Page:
The Doctor Will See You Now*

If you’re a veteran, “now” means a 273-day to 2-yr wait to process a disability claim. I will never forget the night I got a deeper sense of what this means. It was a round-table discussion with the local VA (Veterans Affairs), “to tell them what you think.” I assumed my invitation was a mistake because I’m a civilian. But the host felt my perspective might add something. The event was in December 2012 but news reports in the past week made me relive it.

The group 

Attending this discussion was myself, a gentleman from the VA, and the following retired service members: 1 Marine, 1 Sailor, 1 Airman, and 2 Soldiers. Only one of the vets was female. We started going around the room sharing stories. Each one had a red-tape ordeal. Then it was the female vet’s turn, “No one here is going to like my story.” She told me to speak before her and she’d go last.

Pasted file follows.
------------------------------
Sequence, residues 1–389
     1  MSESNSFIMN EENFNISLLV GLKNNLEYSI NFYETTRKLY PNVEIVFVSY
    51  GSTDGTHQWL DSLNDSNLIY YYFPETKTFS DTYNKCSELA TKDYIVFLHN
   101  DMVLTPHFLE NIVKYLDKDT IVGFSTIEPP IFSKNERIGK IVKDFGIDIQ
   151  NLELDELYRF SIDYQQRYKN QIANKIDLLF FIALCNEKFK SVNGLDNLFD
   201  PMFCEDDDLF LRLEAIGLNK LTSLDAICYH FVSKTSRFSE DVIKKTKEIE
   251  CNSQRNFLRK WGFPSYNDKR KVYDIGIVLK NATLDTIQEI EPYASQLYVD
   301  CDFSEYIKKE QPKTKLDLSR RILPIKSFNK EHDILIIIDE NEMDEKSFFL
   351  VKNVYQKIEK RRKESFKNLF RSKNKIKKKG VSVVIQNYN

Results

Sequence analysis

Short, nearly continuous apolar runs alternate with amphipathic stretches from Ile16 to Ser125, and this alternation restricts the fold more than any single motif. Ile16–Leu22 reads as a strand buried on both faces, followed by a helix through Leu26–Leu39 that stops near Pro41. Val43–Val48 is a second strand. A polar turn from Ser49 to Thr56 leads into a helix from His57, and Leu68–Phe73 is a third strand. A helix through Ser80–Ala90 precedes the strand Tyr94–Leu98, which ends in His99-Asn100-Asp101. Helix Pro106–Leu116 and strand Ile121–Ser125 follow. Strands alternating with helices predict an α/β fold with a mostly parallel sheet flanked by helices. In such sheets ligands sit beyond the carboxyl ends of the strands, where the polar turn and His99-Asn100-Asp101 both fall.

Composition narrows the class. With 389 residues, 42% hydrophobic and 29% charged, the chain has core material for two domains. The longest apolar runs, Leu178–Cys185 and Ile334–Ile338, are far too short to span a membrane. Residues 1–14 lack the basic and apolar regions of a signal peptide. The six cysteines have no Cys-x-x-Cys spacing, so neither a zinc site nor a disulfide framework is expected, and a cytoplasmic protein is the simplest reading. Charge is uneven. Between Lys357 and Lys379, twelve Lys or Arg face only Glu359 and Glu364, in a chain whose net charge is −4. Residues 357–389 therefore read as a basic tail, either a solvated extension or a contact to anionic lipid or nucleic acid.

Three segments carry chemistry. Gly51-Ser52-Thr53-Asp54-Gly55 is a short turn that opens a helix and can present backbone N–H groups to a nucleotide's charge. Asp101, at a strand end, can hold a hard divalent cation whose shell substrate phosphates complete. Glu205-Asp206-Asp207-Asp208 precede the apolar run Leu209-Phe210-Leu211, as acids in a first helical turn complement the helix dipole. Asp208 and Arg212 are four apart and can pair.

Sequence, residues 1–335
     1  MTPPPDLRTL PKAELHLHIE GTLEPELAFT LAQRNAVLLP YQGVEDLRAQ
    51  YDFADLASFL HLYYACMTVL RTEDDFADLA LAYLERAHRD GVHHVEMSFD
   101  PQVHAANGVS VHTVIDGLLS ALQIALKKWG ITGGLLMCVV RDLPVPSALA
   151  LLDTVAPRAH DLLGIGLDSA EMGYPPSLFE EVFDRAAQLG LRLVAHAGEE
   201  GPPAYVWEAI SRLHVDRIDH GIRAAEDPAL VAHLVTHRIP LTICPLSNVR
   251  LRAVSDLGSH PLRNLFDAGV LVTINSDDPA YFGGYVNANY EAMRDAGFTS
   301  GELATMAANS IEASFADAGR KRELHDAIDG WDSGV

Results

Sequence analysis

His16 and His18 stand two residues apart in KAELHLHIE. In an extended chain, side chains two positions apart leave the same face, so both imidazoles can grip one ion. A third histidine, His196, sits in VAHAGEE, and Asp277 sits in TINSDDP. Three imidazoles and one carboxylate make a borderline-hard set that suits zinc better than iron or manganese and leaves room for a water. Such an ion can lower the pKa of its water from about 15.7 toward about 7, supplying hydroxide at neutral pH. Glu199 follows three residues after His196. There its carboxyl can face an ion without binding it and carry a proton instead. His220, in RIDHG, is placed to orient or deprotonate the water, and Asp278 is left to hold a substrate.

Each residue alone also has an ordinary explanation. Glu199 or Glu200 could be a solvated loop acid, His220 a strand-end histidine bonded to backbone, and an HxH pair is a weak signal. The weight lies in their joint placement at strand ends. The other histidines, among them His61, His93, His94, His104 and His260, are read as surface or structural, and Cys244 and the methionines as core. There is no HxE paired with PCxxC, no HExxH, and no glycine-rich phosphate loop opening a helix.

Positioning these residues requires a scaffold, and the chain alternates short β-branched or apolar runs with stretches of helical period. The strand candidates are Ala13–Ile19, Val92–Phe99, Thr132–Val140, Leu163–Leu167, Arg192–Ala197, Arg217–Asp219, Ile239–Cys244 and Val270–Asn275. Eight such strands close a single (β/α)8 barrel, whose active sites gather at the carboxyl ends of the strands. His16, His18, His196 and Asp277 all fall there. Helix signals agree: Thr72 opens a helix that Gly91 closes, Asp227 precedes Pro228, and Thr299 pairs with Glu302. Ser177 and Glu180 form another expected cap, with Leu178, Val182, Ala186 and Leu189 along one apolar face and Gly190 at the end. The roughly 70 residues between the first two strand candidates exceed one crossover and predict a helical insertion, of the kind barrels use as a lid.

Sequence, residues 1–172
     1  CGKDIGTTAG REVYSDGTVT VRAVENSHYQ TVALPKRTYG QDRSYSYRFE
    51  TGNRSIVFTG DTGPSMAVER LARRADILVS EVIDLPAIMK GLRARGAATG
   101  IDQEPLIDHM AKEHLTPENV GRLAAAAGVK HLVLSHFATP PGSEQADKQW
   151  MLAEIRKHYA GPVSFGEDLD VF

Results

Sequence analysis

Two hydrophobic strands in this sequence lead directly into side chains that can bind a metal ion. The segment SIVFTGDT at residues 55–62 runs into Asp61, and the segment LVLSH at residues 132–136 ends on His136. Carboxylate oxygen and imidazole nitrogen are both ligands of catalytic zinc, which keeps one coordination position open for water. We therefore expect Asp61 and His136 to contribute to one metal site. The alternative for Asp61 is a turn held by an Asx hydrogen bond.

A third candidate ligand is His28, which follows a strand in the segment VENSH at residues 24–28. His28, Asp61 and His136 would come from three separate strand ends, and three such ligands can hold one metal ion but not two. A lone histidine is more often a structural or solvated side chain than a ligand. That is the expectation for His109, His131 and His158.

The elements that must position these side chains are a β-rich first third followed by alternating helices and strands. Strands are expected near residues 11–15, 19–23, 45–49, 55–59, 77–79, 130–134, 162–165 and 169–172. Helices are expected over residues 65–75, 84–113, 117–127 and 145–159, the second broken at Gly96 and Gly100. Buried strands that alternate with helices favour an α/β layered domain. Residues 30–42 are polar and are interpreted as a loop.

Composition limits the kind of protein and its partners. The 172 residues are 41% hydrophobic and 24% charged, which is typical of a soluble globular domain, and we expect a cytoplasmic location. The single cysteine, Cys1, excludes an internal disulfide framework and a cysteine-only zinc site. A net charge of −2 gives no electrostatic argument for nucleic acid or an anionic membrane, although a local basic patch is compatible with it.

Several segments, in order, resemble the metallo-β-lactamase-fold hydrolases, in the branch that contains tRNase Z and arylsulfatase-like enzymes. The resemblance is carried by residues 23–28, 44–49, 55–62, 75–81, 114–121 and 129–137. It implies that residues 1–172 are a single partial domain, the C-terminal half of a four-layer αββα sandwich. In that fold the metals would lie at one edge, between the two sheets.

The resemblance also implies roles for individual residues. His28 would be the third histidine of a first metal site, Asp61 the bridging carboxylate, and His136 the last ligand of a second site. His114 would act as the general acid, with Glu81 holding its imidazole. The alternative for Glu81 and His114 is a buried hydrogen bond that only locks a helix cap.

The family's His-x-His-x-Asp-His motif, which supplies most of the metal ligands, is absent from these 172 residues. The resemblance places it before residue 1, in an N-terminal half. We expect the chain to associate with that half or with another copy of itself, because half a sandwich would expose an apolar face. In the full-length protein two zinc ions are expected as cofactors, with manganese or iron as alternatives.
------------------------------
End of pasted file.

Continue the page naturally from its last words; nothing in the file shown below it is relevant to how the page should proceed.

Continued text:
My 2 cents

“These delays can influence whether a family thrives or even survives.”

I told him about a family I had helped. The dad came home from Afghanistan with TBI (Traumatic Brain Injury) and PTSD (Post Traumatic Stress Disorder) He could not hold down a job without medication and therapy. While waiting for his claim, the family burned through their savings. Finally, his benefits kicked in. But by this point, they couldn’t afford the gas to get to the doctor’s appointments located more than an hour’s drive away. After they pawned their wedding rings, they approached one of the charities I volunteer with to ask for donations to pay for gas.

“After all their service and sacrifice, why are our veterans turning to people like me? They should not have to rely on the kindness of strangers.”  I wondered how many families were torn apart the by emotional, financial and physical stress.